A thought-provoking comment I received on an old post last night, from a Blog reader in BC, has prompted me to place the bear attack theories up for discussion.
What do you think about bears and bear attacks? Can they be avoided? Are they on the rise? What should be done about it?
Here is Larry Norman’s message regarding the number of bear maulings in the west recently:
I am writing a article and wondering what are your thoughts on recent bear attacks in B.C.?
I have been an avid outdoors person and all my encounters with bears and cubs have always been good outcomes. Common sense often dictated course of action which respected the unpredictable nature of bears and no surprise by each party…but maulings and attacks as presented by recent mainstream media seem to think its a re-occurring or prevalent problem.
Don’t get me wrong Bears will take the path of least resistance when he has a taste for human food or garbage…and I understand such “problem bears” can be viewed as a public safety concern and destroyed as any wildlife threat to humans that come into conflict….I think I want to write an article that for as many bears there are in B.C. the majority are not as conflictual in the maulings or those killed by a blk or grizzly bear….Just thought I would get your thoughts prior to writing and if I can, I will let you preview what I have written should I quote you. thank you.
This was my response:
Hello Mr. Norman, thanks for your message.
Yes, there certainly have been a number of recent attacks in the west. The 72-year old Lillooet woman has just been confirmed as being killed by at least one black bear, and another man survived a grizzly attack in BC’s central coast. I also read about another serious black bear attack in Arizona and of course, a 57-year old man was fatally attacked and a woman injured in Yellowstone earlier this week.
Although the number of recent bear maulings might indicate a ‘trend’ or some sort of rise in negative bear encounters, this time of year typically sees an increased number of grizzly and black bear maulings. From spring to late summer is the ‘high season’ for bear attacks, if you look at the statistics, and there are lots of stats out there to pore over.
As you mentioned, however, the majority of bear encounters in BC and across North America for that matter, do not end in an attack. Yes, there are a number of attacks each year some of which could have been avoided, while most in my opinion are simply unavoidable.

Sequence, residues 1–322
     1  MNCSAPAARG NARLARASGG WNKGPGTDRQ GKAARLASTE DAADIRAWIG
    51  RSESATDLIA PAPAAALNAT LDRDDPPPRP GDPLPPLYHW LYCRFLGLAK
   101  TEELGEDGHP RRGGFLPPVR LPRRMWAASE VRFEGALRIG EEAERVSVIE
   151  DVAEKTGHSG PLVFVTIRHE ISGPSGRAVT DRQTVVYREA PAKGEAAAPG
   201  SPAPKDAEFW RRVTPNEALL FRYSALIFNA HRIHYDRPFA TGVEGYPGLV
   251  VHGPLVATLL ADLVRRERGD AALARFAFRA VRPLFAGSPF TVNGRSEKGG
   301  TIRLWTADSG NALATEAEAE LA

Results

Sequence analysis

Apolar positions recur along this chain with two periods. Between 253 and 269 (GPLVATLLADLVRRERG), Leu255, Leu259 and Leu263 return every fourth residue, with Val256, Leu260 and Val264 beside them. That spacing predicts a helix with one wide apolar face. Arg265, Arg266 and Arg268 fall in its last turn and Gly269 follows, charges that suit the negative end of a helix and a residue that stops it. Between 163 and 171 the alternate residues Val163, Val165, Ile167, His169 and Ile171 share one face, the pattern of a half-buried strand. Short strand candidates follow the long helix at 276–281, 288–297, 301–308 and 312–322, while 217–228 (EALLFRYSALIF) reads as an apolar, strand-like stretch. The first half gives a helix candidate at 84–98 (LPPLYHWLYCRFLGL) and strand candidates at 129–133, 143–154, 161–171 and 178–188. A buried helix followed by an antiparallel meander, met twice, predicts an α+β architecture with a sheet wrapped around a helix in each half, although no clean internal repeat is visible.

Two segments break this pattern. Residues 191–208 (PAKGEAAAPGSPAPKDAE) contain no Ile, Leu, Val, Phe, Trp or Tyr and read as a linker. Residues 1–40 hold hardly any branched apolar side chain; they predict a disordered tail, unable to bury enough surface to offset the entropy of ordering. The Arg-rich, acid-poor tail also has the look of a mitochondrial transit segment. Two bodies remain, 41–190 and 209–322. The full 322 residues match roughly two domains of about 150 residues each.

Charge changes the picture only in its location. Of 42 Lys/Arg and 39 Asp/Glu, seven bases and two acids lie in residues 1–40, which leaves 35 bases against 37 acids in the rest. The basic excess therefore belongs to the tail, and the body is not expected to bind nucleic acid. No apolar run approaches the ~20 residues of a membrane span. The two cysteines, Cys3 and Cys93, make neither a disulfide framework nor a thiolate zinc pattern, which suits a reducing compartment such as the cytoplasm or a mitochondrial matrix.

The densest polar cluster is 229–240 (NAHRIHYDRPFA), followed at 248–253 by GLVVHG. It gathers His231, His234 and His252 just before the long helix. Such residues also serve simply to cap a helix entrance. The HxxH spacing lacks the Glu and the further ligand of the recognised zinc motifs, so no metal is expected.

The 57-year man killed in Yellowstone this week by a mother grizzly with cubs is -contrary to popular belief, an extremely rare occurrence. Although sow bear attacks do occur, most if any are ever fatal. Mother bears are usually more intent on scaring you away or sending out a message not to mess with her and her young.
Male bears, on the other hand, carry with them a different intent and therefore are more of a danger to humans. Predatory bear attacks are the most common ‘fatal attack’ and occur with both black bears and brown bears(grizzly). Some have suggested that the ‘smaller salmon runs’ may be the root of some western attacks, while we always hear the story of ‘a poor berry crop this year’ as the root of many black bear encounters in the east.
The truth of the matter is that some bears, especially those in more remote areas, do occasionally target humans as their prey and when that happens you had better watch out. All the best camping and food storage techniques in the world will not protect you in bear country with a predatory male bear in the vicinity.
Take myself for example, I have been hunting and fishing in bear country for more than 30 years and though I have seen many bears in the wild, all but one went the other way immediately. I did have one male bear charge me in QC years ago, when there was no apparent reason for it. He was not pressured or cornered and had plenty of room for escape, but he instead chose to charge at me. In all likelihood, it will never happen again. I am statistically a lot more likely to be injured driving to work in the morning.
So, to answer your question about bear attacks on the rise, yes in some regions there tends to be more than others, and some years we see more incidents than other years. The year 2005, for example, was a record-setting year for bear attacks in NA and I can recall writing many articles on the subject at the time; putting forth a host of theories as to why so many people were getting mauled. In some cases bear numbers were on the increase, but really there was no hard and fast rule to explain the high numbers of deaths that year.
Ursus, as we all know, are top-level predators and omnivores with a voracious appetite. As long as we travel and spend time in bear country, there will forever be attacks and unfortunately fatal maulings.
The best we can do, if we wish to continue travelling and spending time in bear country, is to educate ourselves and be prepared for it.
Larry, I wish you luck with your article and invite you to post it here at the Outdoors Guy Blog.